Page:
Family Trusts?



What is the Point of Family Trusts?

Family trusts perform a raft of functions. But the motives for setting them up are commonly because:

  • Trusts can allow for immediate access to funds (both capital and income) on the demise of the ‘settlor’ (the benefactor). This can avoid lengthy delays that would occur with a will which must go through ‘probate’ (i.e. a proving process to establish its validity)
  • The intended beneficiary or beneficiaries may be perceived to be too young and/or immature, at the point when the trust is established, to accept the responsibilities that the fund might involve
  • Trusts prevent the cashing-in of assets to cover debts or profligacy (reckless extravagance, as might happen when a youth gets hold of what they feel is an effectively-infinite mountain of money)
  • Usually the tenure of the trust allows the assets to appreciate in value and often that is swollen by revenue from rents and similar where property is involved
  • Trusts allow for continuity in respect of income where somebody might be temporarily or permanently incapacitated
  • Forward planning via family trusts allows for expenditure, such as for private schooling, that is a priority for most families
  • They tend to sidestep inheritance tax because the asset is not considered to be part of the benefactor’s estate
  • Trusts can let benefactors pass on assets whilst they’re still alive.

Are All Family Trusts Essentially the Same?

No. There are really 4 types of family trust in the UK. All of them involve the ‘settlor’ (the benefactor or person with the original assets), ‘deeds’ (the documented agreement that says who, what and when funds may be accessed as well as how they can be used), trustees and a beneficiary or beneficiaries.

  • The most common is the ‘simple’ or ‘accumulation’ trust which gives beneficiaries automatic rights to assets and any income derived from them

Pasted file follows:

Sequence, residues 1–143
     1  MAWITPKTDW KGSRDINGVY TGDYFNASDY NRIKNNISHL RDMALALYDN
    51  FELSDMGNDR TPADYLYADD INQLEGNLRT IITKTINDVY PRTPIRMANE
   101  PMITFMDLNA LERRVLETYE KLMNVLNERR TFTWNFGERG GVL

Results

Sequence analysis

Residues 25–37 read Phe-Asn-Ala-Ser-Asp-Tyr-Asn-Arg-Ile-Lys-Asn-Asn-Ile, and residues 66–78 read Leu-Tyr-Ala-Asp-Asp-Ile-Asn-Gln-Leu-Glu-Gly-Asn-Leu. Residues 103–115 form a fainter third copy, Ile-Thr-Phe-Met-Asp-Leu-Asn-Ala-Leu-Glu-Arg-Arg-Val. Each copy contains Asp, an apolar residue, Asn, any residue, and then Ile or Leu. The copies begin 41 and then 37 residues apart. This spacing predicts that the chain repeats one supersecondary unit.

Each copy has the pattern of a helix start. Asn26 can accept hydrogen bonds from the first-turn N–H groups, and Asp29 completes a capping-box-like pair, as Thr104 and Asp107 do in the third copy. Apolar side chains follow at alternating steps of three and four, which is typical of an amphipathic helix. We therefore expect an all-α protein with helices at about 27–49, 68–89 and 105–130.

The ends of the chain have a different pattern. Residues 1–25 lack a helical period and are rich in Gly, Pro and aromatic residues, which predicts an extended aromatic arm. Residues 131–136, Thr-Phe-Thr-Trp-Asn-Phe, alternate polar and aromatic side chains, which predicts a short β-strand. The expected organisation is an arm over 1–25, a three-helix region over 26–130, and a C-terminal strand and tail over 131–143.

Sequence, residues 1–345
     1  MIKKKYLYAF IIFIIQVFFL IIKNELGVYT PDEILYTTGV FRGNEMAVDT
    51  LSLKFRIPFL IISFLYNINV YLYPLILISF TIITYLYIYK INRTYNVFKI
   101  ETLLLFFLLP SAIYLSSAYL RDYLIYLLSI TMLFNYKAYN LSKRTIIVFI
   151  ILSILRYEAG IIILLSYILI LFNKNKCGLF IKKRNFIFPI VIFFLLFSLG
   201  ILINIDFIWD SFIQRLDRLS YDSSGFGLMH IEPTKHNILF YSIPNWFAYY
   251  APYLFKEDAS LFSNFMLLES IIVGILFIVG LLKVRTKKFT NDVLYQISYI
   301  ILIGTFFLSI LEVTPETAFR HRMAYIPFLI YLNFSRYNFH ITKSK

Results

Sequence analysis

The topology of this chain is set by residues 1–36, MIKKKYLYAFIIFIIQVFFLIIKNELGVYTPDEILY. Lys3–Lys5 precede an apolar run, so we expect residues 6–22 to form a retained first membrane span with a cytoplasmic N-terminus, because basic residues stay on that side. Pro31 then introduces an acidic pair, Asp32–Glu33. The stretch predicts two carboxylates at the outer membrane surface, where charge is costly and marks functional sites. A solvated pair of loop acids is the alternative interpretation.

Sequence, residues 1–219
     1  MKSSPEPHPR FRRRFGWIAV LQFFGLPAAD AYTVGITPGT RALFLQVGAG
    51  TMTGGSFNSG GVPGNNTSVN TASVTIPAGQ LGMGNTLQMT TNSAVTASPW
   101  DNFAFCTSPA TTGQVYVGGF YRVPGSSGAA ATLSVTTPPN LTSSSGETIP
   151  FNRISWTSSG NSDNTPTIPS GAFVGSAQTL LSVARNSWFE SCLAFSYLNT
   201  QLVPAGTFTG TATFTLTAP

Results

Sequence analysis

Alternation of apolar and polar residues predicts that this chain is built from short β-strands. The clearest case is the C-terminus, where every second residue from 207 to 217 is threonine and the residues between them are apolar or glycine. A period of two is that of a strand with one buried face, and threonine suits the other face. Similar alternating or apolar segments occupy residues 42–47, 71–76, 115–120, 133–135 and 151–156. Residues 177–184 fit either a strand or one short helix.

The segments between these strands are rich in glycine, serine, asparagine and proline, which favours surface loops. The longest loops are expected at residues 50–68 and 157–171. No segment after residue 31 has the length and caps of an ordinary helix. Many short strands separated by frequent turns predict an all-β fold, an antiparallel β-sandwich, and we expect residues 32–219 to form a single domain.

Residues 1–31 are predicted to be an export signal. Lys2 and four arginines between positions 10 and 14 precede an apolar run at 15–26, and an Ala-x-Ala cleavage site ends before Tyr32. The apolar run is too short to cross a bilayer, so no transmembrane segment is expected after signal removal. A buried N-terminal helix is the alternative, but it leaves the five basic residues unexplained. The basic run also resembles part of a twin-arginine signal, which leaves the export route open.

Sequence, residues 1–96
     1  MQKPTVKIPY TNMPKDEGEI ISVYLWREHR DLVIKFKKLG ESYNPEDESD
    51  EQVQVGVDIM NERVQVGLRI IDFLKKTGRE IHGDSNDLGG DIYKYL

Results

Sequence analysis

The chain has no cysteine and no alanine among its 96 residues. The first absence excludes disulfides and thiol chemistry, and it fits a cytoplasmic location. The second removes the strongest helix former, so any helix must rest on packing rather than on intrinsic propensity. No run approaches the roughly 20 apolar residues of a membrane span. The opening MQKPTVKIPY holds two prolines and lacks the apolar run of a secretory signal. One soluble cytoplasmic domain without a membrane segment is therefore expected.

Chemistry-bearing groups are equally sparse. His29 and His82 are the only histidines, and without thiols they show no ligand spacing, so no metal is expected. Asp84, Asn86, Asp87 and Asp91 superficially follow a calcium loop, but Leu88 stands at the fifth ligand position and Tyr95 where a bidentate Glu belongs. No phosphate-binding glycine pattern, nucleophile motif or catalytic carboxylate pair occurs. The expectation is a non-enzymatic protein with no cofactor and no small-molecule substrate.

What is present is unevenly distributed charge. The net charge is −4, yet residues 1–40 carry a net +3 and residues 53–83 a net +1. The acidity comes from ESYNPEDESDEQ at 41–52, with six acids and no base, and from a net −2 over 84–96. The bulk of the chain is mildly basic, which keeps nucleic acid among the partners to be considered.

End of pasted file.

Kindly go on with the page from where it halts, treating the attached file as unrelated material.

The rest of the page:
• Then there are ‘interest in possession’ trusts where the main asset, usually a property, is to be passed on to a progression of beneficiaries. So, for example, a husband might leave a home to his partner but when she dies it goes straight to his kids, and then the grandchildren
  • Then there is a ‘discretionary trust’ where the trustees have a lot of leeway in respect of deciding who will receive what help and when that happens
  • Lastly there is the ‘accumulation and maintenance’ trust that, in effect, is a ‘discretionary trust’ which becomes an ‘interest in possession’ trust. So the trustees run it until the beneficiaries are ‘of age’. At that point the beneficiaries will be in charge themselves.

What Assets Can Be Put into a Family Trust? 

All sorts of assets can be put into a family trust. They might include not only property (land and/or buildings) but stocks and shares, cash (including foreign currencies) and commodities including precious metals. You might include antiques, classic cars, heirlooms and even items of sentimental value. 

What Else Will I Need to Consider? 

Once you know what you want to leave if something happens to you, you need to decide:

  • Who gets the assets (the beneficiary or beneficiaries)
  • Who the trustee is (or the trustees are) going to be. Trustees, and you only actually need one, need to be not only capable but willing and able to commit to that long-term. This could be quite onerous and demanding on a day-to-day basis. It could also go on for years if any children involved are young when the trust is established, since it will run until those children are mature
  • Conditions to go into the deeds. So you need to really sit down and construct a set of conditions in response to questions such as ‘Who?’ ‘What?’ ‘Why?’ ‘When?’ ‘Where?’ and ‘How’?’ – questions that will let your trust deal with every likely scenario (as well as, maybe, some unlikely-but-possible ones)
  • Responsibilities to HMRC. They should know about the trust. And the trustees will be responsible for paying any tax to the HMRC.

What Else Will I Need? 

  • Proof of ownership of the supposed assets
  • Very probably the assistance of a tax advisor or an accountant – or both
  • A good lawyer, for example somebody from Goodwills
  • Witnesses to your signing the documents.

Once They’re Set Up Can Family Trusts Be Changed?

Yes. And no. What we have here are two types.

  • Revocable trusts that allow adjustments to the ‘deeds’ if not abandonment of the entire scheme, or
  • Irrevocable trusts must operate under predetermined conditions until the ‘deeds’ allow otherwise.

Where Can You Find Out More about Family Trusts?

You can find out more on family trusts at Goodwills though the HMRC website will tell you a lot at

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